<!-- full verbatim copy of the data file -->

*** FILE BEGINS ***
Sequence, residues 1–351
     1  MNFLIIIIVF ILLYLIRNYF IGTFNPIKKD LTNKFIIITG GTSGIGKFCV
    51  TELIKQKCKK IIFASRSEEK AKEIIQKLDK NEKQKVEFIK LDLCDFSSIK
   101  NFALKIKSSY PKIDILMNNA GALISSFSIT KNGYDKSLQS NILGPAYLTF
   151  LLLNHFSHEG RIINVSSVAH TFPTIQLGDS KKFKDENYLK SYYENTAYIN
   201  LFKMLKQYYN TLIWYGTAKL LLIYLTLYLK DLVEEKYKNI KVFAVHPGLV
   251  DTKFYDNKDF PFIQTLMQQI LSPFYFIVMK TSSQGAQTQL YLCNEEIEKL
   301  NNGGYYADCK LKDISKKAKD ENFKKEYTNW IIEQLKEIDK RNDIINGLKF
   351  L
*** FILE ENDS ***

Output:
Sequence, residues 1–351
     1  MNFLIIIIVF ILLYLIRNYF IGTFNPIKKD LTNKFIIITG GTSGIGKFCV
    51  TELIKQKCKK IIFASRSEEK AKEIIQKLDK NEKQKVEFIK LDLCDFSSIK
   101  NFALKIKSSY PKIDILMNNA GALISSFSIT KNGYDKSLQS NILGPAYLTF
   151  LLLNHFSHEG RIINVSSVAH TFPTIQLGDS KKFKDENYLK SYYENTAYIN
   201  LFKMLKQYYN TLIWYGTAKL LLIYLTLYLK DLVEEKYKNI KVFAVHPGLV
   251  DTKFYDNKDF PFIQTLMQQI LSPFYFIVMK TSSQGAQTQL YLCNEEIEKL
   301  NNGGYYADCK LKDISKKAKD ENFKKEYTNW IIEQLKEIDK RNDIINGLKF
   351  L